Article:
Statute of limitations is a legal term used to describe state statutes that specify the amount of time a plaintiff has to file a civil lawsuit or the amount of time a prosecutor has to file a criminal complaint against a defendant.

The statute of limitations serves to place a limit on the plaintiff by establishing a deadline for filing their lawsuit; if enough time has passed, the plaintiff or criminal prosecutor is barred from bringing their case against the defendant.

The deadline for filing a lawsuit varies depending on the type of suit being filed and the applicable state statutes where the plaintiff is filing the lawsuit.

Why Do States Have Statute of Limitations?

As noted above, one purpose of statute of limitations is to protect defendants from untimely litigation. Statute of limitations allow plaintiffs to pursue valid claims against defendants, but only when the plaintiffs exercise due diligence in timely filing the claims.

Once again, what is considered a timely filing of a claim will depend on the state where the claim is being filed and the type of claim being filed. For example, in the state of Texas, a normal statute of limitations for a plaintiff to file a civil lawsuit is two years from the date of the incident.

There are three main reasons why the law enacts statutes of limitations:

  1. The statute forces a plaintiff with a valid cause of action to bring the claim timely;
  2. Bringing a claim untimely may result in the loss of evidence by a defendant necessary to defend themselves against the claim; and
  3. Litigation of a long-dormant claim may result in more cruelty than justice.

When Does Time Begin to Run on Statute of Limitations?

The United States Supreme Court has indicated many times that the standard rule is that the statute of limitations begins to run “when the plaintiff has a complete and present cause of action.” The statute of limitations typically begins when the harmful event, such as the crime or injury occurs, or when the plaintiff discovers the injury, such as in cases of fraud.

If a lawsuit is commenced after the statute of limitations, then the claim will likely be thrown out of the court with a simple motion from the defendant. However, in some cases the clock may have been paused for a period of time; this is known as “tolling the limitations.”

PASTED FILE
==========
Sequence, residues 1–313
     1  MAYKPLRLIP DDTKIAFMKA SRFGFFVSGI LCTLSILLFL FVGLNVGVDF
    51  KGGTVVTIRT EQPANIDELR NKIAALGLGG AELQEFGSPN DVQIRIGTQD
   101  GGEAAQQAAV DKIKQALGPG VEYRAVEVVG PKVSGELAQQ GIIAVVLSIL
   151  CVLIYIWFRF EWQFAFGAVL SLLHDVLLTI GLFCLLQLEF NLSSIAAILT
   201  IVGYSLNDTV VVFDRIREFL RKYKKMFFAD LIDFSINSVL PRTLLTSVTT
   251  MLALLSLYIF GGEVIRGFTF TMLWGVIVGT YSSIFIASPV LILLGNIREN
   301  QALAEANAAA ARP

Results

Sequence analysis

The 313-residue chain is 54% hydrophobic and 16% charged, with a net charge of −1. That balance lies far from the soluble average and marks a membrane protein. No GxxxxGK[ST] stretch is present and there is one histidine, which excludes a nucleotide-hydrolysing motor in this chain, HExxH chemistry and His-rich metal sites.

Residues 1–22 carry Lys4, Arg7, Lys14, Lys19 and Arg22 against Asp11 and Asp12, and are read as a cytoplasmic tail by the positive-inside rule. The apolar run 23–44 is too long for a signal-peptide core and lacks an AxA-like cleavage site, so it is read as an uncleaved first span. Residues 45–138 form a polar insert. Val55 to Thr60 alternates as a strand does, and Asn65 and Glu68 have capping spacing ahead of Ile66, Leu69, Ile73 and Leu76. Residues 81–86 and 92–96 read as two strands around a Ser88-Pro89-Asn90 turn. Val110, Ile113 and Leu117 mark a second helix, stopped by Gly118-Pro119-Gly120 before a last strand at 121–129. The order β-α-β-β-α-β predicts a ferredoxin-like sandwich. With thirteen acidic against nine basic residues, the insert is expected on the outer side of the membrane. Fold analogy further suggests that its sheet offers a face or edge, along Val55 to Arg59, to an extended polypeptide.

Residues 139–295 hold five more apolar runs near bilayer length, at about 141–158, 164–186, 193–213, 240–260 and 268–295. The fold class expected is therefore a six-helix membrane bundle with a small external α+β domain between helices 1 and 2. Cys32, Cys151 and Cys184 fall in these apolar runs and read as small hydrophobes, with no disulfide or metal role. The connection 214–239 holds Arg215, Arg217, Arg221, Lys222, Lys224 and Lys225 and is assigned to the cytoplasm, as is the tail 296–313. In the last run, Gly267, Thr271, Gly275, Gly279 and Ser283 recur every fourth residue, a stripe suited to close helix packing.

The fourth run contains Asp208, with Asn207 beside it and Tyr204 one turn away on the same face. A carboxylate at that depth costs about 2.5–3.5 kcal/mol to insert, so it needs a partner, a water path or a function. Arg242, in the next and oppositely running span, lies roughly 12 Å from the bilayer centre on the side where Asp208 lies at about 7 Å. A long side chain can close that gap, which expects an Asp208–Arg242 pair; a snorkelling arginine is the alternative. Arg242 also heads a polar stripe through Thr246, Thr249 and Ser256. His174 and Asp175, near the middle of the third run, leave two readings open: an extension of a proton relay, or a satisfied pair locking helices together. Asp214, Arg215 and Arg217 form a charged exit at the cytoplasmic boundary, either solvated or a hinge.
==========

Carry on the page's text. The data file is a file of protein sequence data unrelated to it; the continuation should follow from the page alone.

For example, in criminal cases where the defendant commits a crime and flees, which results in them becoming a fugitive of the state, the state will then suspend the statute of limitations for the period of time that the fugitive was on the run.

This means that the prosecutor will be able to bring the criminal charges forward, once the fugitive is caught, not counting the time spent on the run. Additionally, in cases where plaintiff is a minor, meaning they were under the age of 18 at the time, many states allow tolling of the statute until the plaintiff reaches the majority age of 18. 

Further, it is even possible in cases of private civil matters for the statute of limitations to be shortened or lengthened by an agreement of both of the parties.

Where Can I Find the Statute of Limitations?

A statute of limitations is first and foremost a statute, meaning it is a state law. This means that the statute of limitations is usually found in the state statute for the claim you are seeking to file, and these can be easily found online. For instance in personal injury cases, if you are seeking to file a negligence complaint related to a car accident, then you should look under the common law negligence statute for your state.

Within the common law negligence state statute, there will be a section entitled “statute of limitations,” which will contain the amount of time plaintiff will have to file their claims; this will usually be notated in a term of years (two years, four years, five years, etc.). 

The statute may also define when the statute of limitations begins running, which is useful in calculating whether the statute of limitation has indeed ran, or if you still have time to file a claim due to the tolling of the statute.

Do I Need a Lawyer?

As can be seen above, the statute of limitations is a hard, and sometimes fast, deadline that may prevent you from being able to bring your claims against a defendant. If you are interested in filing a lawsuit, or one has been filed against you, it is in your best interests to seek the assistance of a local civil lawyer.

An attorney that practices in the area of personal injury law can help to determine the viability and timeliness of your claim and to help you determine if the statute of limitations has passed on your claim. A well qualified personal injury attorney may also assist you in pursuing your claims further, or defending yourself from claims against you, and help you navigate your local court system.